A group of purported Catholic professors wrote an open letter on October 26, 2015 to "the editor of the New York Times" decrying a October 18 op-ed item about the Catholic Church by a conservative writer Ross Douthat. The letter, which was initially signed by 25 academics from Georgetown University, Villanova University, and other schools (the list has grown in subsequent days), claimed that Douthat "has no professional qualifications for writing on the subject," and "his view...has very little to do with what Catholicism really is." The objectors concluded, "This is not what we expect of the New York Times."
The letter was drafted by one of the signatories, Dr. Massimo Faggioli, who has sparred with the New York Times conservative on Twitter; and was posted to the DailyTheology.org website administered by another signatory, Professor Kevin Ahern of Manhattan College. The group also played up that Douthat has "acccus[ed] other members of the Catholic church of heresy, sometimes subtly, sometimes openly, [which] is serious business that can have serious consequences for those so accused."
It seems that the October 18 article in question, "The Plot to Change Catholicism," was merely a jumping off point for the liberal academics, as the word "heresy" does not appear in it. The New York Times columnist spent much of his item lamenting Pope Francis's support for "the proposal, put forward by the church's liberal cardinals, that would allow divorced and remarried Catholics to receive communion without having their first marriage declared null." Douthat underlined that "the church's teaching that marriage is indissoluble has already been pushed close to the breaking point by this pope's new expedited annulment process; going all the way to communion without annulment would just break it."
Near the end of the column, the conservative author pointed out that "the entire situation abounds with ironies. Aging progressives are seizing a moment they thought had slipped away, trying to outmaneuver younger conservatives who recently thought they owned the Catholic future." Though many of the "progressive" signatories aren't exactly "aging," they certainly seized the moment in publishing their letter. Dr. Faggioli denied that he wanted to "silence" the writer, but that interpretation can certainly be made.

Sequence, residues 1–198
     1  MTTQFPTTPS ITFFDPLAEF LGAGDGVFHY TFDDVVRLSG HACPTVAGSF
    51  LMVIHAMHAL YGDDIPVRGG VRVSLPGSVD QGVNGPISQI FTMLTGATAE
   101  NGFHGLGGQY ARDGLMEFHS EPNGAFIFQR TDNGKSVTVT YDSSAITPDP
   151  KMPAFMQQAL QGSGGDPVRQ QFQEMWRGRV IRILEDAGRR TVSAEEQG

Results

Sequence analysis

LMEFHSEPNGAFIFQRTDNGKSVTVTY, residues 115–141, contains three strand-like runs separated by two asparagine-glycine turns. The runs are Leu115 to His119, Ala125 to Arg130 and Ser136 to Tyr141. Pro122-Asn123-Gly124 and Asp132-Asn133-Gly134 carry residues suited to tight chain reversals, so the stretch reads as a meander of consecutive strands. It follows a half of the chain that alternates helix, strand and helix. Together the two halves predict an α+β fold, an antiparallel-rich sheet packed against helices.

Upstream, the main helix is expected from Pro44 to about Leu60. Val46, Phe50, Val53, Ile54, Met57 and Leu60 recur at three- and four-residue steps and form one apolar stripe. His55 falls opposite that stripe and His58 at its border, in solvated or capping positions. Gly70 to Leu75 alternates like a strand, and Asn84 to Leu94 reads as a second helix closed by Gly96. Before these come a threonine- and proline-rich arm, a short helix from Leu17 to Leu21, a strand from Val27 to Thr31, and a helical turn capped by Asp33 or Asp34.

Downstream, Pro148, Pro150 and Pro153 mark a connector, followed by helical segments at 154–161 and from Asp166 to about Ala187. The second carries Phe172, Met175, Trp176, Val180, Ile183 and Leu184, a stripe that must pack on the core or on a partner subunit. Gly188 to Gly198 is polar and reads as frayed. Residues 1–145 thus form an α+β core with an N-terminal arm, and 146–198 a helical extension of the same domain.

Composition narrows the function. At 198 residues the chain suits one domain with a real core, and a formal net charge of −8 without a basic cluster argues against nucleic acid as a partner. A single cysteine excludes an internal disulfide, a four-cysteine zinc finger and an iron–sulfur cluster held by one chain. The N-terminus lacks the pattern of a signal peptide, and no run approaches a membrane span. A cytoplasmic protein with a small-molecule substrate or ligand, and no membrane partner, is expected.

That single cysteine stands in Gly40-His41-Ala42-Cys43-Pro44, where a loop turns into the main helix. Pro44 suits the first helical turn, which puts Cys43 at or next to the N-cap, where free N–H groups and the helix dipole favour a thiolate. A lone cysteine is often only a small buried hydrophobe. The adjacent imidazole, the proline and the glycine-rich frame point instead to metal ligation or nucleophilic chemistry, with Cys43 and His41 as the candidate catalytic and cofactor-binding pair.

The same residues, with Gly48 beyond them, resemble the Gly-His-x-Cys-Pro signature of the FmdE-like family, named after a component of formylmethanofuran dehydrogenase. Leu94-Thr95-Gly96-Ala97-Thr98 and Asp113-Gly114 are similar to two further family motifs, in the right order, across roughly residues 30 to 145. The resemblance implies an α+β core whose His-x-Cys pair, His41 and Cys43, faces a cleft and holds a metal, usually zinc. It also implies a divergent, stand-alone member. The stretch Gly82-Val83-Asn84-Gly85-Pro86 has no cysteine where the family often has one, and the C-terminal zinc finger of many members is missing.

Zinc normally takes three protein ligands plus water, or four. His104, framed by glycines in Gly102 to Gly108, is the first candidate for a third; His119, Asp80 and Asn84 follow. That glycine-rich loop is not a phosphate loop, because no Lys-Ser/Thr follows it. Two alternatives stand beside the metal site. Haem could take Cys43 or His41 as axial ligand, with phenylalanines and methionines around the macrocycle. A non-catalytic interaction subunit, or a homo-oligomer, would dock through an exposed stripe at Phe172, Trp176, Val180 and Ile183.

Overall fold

Conservative commentators of Douthat fired back at the academics in the following days, alleging that they were indeed trying to pressure the New York Times to muzzle the columnist. The American Conservative's Rod Dreher, in particular, unleashed on the group in a series of pieces, starting on the day the letter came out. Dreher blasted, "What a remarkable document. Really remarkable — and damning to the writers, who ought to be ashamed of themselves." He added that "the letter-writers...actually try to do the Catholic version of red-baiting Douthat, as if a newspaper columnist's criticism of heresy ('sometimes subtly, sometimes openly') actually stood to make a difference in the lives of those so accused. It is ridiculous. That term 'sometimes subtly, sometimes openly' is downright McCarthyite."
Dreher would devote many of his subsequent items on the controversy to spotlighting the bizarre views of some of the signatories. On October 28, he noted that Villanova Professor Katie Grimes considers deceased rapper Tupac Shakur to be her "favorite theologian," and contended in a theological treatise that Thomas Aquinas, one of the most prominent theologians in Church history, "can come out of the closet," because Cardinal Joseph Ratzinger (also known as Pope Benedict XVI) and other orthodox commentators on the Catholic faith supposedly "misrepresented" the saint's views on homosexual acts. However, it is actually Grimes who mistaken, as in his celebrated Summa Theologica, Aquinas lists homosexual acts together with masturbation, bestiality, and contraception as "unnatural vices." One doesn't need a PhD in theology to look up what St. Thomas Aquinas actually taught.
Another prominent writer who stood up for Douthat is actually a member of the Catholic hierarchy — Bishop Robert Barron of Los Angeles — who until earlier in 2015, served as president of University of Saint Mary of the Lake/Mundelein Seminary in Illinois. Barron (who corrected Brian Williams and Chris Williams during MSNBC's live coverage of Pope Francis's final Mass in the U.S. in September 2015) contended in an October 29 article that "the letter to the Times is indicative indeed of a much wider problem in our intellectual culture, namely, the tendency to avoid real argument and to censor what makes us, for whatever reason, uncomfortable."
Dreher quoted this line from Barron in an item later that day, which led to an objection on Twitter from liberal journalist David Gibson of the Religion News Service — who linked to an article in the liberal Catholic publication Commonweal, which accused the new bishop of a double standard. The American Conservative writer shot back, "Bishop Barron did not try to goad Dowd's employer to stop her from writing about theology. Big, big difference."
The New York Times editorial staff has yet to respond to the open letter. But if the newspaper ends up listening to the heterodox academics, it will only extend the "illiberal norm on ostensibly liberal college campuses," as The Week's Damon Linker put it, onto the pages of the already left-of-center publication. The readers of the Times should have the opportunity to read genuine and thoughtful conservatives like Douthat, even if they vehemently disagree with them.